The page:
The bills proposed by Senator Clemens and Representative Hager simply do not address this underlying issue. Insurance companies and the States Attorney’s Office have taken the position that a treatment center can do nothing to financially assist outpatient patients to obtain housing, stating that any such aid is a “kickback”. The State Attorney has stated that, as a result of these kickbacks, or patient brokering, there exists an economic incentive for both the patient and the treatment provider to recycle through treatment.
If residents of sober homes cannot pay, and treatment centers cannot provide help, where are persons in outpatient treatment supposed to live? And if the expectation is that sober homes or recovery residences are to provide free housing while a recent graduate from inpatient treatment obtains a job and waits for his or her first paycheck in order to pay rent, how is the sober home expected to pay its bills? The Grand Jury had proposed “a new DCF license that allows treatment providers to assist PHP and IOP patients with housing by providing a limited, needs-based scholarship for rent,” but the Sober Homes Task Force did not adopt that recommendation in its Report and neither bill adopted this proposal.
Right now, it seems the State’s resources are focused only on enforcement, instead of what can be done to improve patient outcomes and success rates. This isn’t to say that there isn’t fraud and abuse occurring in the substance abuse and addiction treatment industry. However, shouldn’t there at least be some State resources devoted to: (i) decreasing access to opioids and other highly addictive substances; (ii) helping this vulnerable population find qualified and suitable providers of care and treatment; and (iii) increasing involvement of a patient’s treating providers in setting appropriate pathways for care on a case-by-case basis?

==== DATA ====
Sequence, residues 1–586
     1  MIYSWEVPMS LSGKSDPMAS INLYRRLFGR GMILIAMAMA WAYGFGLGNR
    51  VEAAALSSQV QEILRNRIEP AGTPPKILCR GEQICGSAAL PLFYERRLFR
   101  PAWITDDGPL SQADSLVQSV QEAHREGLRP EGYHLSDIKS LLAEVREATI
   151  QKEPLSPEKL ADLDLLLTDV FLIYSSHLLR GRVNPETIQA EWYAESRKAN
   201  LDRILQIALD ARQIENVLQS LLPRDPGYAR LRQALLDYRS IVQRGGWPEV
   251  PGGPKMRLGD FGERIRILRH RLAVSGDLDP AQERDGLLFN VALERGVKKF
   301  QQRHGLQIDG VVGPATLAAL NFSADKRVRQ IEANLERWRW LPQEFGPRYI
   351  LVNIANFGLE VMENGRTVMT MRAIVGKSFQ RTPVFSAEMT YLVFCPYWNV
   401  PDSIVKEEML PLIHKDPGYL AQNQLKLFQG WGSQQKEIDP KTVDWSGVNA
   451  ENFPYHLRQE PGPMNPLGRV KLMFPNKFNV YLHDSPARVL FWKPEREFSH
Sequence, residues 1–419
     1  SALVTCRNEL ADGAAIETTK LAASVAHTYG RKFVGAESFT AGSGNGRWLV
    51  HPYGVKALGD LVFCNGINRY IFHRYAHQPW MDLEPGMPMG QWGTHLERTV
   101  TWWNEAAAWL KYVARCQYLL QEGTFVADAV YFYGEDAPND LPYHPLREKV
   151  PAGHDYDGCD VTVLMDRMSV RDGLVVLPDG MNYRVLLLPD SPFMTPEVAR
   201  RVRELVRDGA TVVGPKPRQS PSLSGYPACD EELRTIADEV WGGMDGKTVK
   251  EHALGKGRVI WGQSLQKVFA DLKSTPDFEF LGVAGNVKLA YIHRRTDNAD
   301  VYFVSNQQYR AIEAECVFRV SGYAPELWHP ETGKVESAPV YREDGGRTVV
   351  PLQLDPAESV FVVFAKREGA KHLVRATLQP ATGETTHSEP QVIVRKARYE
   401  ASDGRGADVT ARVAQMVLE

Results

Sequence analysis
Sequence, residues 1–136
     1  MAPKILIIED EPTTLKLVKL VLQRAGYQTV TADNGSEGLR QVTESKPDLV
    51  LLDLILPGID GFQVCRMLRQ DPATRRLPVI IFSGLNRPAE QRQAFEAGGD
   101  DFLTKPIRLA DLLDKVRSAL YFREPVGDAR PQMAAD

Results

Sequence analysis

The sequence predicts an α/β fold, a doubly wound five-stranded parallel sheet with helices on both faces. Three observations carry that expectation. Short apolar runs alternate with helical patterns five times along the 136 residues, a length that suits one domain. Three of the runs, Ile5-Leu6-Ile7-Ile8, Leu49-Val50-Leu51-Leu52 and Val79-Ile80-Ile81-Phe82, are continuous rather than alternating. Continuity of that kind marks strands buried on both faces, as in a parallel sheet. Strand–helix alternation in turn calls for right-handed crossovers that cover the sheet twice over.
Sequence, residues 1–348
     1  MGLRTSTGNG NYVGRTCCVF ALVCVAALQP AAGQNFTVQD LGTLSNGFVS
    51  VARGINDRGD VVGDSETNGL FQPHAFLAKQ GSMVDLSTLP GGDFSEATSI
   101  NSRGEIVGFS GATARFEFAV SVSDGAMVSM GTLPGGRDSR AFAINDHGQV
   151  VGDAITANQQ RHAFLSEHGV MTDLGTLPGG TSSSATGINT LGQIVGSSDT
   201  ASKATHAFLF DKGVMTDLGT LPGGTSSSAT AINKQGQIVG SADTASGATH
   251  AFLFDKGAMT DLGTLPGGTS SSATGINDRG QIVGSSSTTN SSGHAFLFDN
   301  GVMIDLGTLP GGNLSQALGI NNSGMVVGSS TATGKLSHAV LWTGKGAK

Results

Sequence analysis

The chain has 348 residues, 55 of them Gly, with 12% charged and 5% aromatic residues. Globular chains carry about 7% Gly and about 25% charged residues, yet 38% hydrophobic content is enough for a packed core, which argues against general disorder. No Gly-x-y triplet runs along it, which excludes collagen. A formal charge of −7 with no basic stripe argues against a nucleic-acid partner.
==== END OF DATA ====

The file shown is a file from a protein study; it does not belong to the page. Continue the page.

Perhaps the one-size fits all approach to substance abuse and addiction treatment suggested by the Florida Model and insurers is not the most appropriate method of care for those struggling with addiction. We’ve repeatedly heard from our treatment center, psychiatrist, social worker and mental health counselor clients that many times they are required to step down their patients in care well before they clinically believe that a step-down is appropriate and that they feel that repeated peer-to-peer consultations fall on deaf ears with the insurance companies. So while it may be true that this vulnerable population is falling prey to aggressive marketing campaigns and that the result is relapses and endless rounds of treatment, it is also true that the professionals treating these clients are handcuffed from providing additional care and treatment when they in good faith believe it is clinically appropriate.
At the end of this very public battle, the hope is that those in treatment receive the care and treatment they deserve, and that the professionals and treatment centers that are legitimately servicing the industry are able to provide it and be paid for their services. But the short-sighted approach of enforcement just isn’t enough without the concurrent step of improving treatment. If the State is going to devote resources to only a portion of the problem, then the problem isn’t going to go away.